Choose Your Own Curry Adventure: make a real-food curry from scratch

 

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Curries are delicious first and foremost. When made from real ingredients, they’re also super good for you. They are easy to make. They are cheap to make. And, they are easy to vary depending on what’s in the cupboard. So let’s get started.

I begin all of my curries by sizzling some sliced onions and chopped up garlic in a generous (like, really generous) amount of oil or fat. (I use a good cast-iron pan and a wooden spoon). Think ghee, butter, coconut oil or olive oil. I do this on a medium to low heat until they are nice and soft. Yeah, this is an enjoy-the-process kind of meal; the longer it takes, the better the flavours. Put on some music and get into it.

 Next, I add an array of dried and ground spices and salt. You can mix it up here, choosing from any combination of cumin, turmeric, ground ginger, garam masala, ras el hanout, curry powder, chilli flakes, ground coriander and paprika. Or, use a quality curry paste that contains only good things (my favourite is massaman). Fresh ginger and lemongrass can be welcome additions here, too. Stir your selection (as many as you like – a cumin, paprika, turmeric, ginger combo is a starting point – TBSP of each) through the oil, onions and garlic until it starts to smell amazing.

Some creamy goodness and some stock come next for me; about a cup of each. Pour in a can of coconut cream (my favourite), some yoghurt, or full fat cream, and some homemade stock if you have any made up; chicken or veggie stock for white meats and beef/lamb stock for red meats. Or just ignore that rule. Alternatively use water and a little extra salt. Add it to your pan and let it simmer for a wee bit.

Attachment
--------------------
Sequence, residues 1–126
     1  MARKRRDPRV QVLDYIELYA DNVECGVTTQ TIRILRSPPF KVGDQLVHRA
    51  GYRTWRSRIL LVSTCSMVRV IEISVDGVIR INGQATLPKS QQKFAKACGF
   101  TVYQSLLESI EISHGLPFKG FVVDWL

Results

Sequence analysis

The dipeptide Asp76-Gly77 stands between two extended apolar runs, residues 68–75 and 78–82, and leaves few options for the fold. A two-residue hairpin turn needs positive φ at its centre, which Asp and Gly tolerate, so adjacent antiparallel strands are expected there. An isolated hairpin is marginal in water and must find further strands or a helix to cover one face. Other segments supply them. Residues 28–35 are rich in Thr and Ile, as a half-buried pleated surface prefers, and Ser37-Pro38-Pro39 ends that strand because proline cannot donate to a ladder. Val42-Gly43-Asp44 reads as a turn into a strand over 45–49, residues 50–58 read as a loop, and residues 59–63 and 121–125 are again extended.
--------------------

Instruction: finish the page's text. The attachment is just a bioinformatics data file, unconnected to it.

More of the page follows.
Now add some chopped meat (or not – veggie curries are great too. Try chickpeas, lentils or paneer cheese! If using paneer then add it at the end). My favourite has got to be white fish – but add it at the end instead. Let the meat cook through in the creamy curry goodness until half cooked.

Time for the veggies – add any that you like, chopped up small, and continue to simmer away for another 20 minutes or so.

Taste your curry regularly until it has the perfect flavour and consistency for you!

Remember if you are using fish or paneer, add it towards the end as they take a lot less time to cook.

You can add some fresh coriander at the end too.

*Tip: Baby spinach stirred through at the end adds a nutrient boost!

*Tip: You can just throw it all in the slow cooker, give it a stir and cook on low for about 8 hours. Easy!

Enjoy your curry adventure!

 

A little message at the end: These blog posts are simply to help me process my own learning. I have no medical, health-science-y background… although I am studying towards a diploma of nutritional science, and I do my best to consult reliable research. If you see any info that doesn’t quite look right, then great! Comment away with your thoughts, because I would love to know more.

 

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